to the lowest eigenvalue of _{} which gives a set of _{} determining
the mass renormalization _{} Since the matrix to be
diagonalized depends non–linearly on _{} via the parameters _{} and
_{} and also on _{}, the solution of the
whole problem assumes the self–consistency: i) we build an initial
approximation to _{} (for example the
Hartree–Fock solution) and fix some _{}, ii) we solve eigenvalue
problem and find new normalized _{}, iii) we mix new _{} with
the old ones using the Broyden method [6] and build new _{} and
_{}. Steps ii) and iii) are repeated until the self–consistency with
respect to _{} is reached. During the iterations we also vary _{} to
obey the constrains. The described procedure provides a stable computational
algorithm for solving AIM and gives us an access to the low–frequency Green’s
function and the self–energy of the problem via knowledge of the slope of _{} and
the value _{} at zero frequency.

The described slave–boson method gives the following expression for the self–energy:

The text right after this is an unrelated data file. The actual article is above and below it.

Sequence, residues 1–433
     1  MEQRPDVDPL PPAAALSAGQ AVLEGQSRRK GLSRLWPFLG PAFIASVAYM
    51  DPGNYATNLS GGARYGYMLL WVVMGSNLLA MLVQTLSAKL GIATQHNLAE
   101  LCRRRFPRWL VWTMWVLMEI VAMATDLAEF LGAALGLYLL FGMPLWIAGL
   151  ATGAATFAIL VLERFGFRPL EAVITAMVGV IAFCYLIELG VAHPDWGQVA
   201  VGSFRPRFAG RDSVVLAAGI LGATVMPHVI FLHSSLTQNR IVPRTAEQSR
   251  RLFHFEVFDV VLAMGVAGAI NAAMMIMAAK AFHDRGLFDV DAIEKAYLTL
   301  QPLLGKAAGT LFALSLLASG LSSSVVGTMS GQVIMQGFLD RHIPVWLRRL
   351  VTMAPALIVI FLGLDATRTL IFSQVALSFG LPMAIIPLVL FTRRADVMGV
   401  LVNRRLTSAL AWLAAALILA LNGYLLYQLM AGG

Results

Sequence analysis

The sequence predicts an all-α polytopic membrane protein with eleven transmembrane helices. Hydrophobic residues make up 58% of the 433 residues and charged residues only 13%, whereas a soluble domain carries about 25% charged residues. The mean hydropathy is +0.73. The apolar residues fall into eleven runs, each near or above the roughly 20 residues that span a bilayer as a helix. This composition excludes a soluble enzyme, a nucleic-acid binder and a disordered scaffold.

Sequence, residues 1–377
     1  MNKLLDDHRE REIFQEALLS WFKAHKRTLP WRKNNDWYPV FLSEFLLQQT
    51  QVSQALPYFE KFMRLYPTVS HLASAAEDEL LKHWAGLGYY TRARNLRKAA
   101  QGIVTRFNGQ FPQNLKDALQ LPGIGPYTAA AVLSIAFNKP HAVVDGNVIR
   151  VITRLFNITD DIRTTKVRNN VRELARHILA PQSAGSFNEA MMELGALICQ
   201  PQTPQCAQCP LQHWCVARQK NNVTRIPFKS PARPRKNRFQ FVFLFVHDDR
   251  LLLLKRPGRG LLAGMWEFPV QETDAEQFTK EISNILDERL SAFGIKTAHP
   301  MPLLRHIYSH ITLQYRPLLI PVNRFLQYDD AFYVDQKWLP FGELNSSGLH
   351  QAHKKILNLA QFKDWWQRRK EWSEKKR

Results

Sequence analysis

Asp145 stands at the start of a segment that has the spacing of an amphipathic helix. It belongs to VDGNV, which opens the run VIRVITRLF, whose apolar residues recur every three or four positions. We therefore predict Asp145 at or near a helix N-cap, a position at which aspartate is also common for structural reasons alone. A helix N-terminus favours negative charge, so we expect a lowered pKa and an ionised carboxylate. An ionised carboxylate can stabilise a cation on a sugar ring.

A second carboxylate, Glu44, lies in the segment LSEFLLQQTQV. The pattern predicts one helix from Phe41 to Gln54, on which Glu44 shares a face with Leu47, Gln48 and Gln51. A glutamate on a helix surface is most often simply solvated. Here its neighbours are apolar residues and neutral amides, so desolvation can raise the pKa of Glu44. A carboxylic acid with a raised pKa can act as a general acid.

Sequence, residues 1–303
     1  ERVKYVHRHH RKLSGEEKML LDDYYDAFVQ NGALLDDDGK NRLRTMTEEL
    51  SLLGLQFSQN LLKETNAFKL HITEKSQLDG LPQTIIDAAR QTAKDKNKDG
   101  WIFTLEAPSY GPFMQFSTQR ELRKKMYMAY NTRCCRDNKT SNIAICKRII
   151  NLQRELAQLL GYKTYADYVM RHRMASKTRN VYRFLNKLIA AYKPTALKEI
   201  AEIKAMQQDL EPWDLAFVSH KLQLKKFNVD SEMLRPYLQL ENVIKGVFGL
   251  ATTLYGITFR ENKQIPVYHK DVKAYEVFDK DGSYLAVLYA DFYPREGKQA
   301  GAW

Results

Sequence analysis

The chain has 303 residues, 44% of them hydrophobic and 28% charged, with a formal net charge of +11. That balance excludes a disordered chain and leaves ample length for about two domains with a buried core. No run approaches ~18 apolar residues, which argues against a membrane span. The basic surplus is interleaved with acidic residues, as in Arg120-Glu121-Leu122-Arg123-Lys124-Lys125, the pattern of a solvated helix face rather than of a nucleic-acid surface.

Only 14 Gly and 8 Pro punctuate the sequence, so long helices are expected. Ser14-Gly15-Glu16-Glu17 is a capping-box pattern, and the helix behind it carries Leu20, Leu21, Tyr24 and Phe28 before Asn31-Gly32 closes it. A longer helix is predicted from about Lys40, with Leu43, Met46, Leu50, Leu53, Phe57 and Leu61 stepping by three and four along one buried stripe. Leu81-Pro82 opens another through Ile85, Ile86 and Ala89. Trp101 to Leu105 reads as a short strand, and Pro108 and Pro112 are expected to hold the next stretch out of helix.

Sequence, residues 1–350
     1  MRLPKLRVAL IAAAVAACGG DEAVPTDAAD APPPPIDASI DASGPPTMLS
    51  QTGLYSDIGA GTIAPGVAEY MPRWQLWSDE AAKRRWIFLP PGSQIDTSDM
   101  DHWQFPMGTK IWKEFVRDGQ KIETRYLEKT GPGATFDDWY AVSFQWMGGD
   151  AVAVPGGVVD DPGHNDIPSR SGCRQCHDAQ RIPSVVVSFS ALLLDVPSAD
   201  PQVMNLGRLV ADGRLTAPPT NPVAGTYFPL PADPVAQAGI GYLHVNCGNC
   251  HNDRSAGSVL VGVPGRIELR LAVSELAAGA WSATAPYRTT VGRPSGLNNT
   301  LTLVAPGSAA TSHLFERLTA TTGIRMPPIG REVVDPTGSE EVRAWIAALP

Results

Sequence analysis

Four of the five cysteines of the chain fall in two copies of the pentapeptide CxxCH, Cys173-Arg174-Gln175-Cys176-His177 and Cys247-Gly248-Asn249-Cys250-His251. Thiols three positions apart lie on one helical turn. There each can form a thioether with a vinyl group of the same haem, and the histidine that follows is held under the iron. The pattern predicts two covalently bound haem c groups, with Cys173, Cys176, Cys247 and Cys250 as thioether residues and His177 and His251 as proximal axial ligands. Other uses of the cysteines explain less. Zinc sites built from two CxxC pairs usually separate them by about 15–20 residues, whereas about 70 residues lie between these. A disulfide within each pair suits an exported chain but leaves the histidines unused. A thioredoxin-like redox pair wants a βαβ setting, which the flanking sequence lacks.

_{} (5)

The impurity
Green function _{} in this limit is given
by the expression

_{} (6)

Density–density
correlation function _{} for local states with _{} electrons
is proportional to the number of pairs formed by _{} particles _{}.
Since the probability for _{} electrons to be
occupied is given by: _{}, the physical
density–density correlator can be deduced from: _{}. Similarly,
the triple occupancy can be calculated from _{}.

If we consider
the two–band Hubbard model in _{} orbitally degenerate
case. Hybridization _{} satisfies the DMFT
self–consistency condition of the Hubbard model on a Bethe lattice

_{} (7)

The Coulomb
interaction is chosen to be _{} which is sufficiently
large to open the Mott gap at integer fillings.

[1] G.
Kotliar and A. E. Ruckenstein, Phys. Rev. Lett. **57**, 1362 (1986).

[2] R. Fresard
and G. Kotliar, Phys. Rev. B. **56**,
12909 (1997).

[3] H.
Hasegawa, Phys. Rev. B **56**, 1196
(1997).

[4] M.
Gutzwiller, Phys. Rev. **134**, A923
(1964).

[5] S. Florens,
A. Georges, G. Kotliar, and O. Parcollet, Phys. Rev. B **66**, 205102 (2002).

[6] See,
e.g., D. D. Johnson, Phys. Rev. B **38**,
12807 (1988).

· compile program typing "make" at the source files location. Makefile was tested on Linux OS using PGI compiler. Please adjust it depending on operating system and compiler used.

·
Edit “**input**" file which has the following structure:

1 |
IMOD |

0.0 |
EF |

2.0 |
U |

0.016 |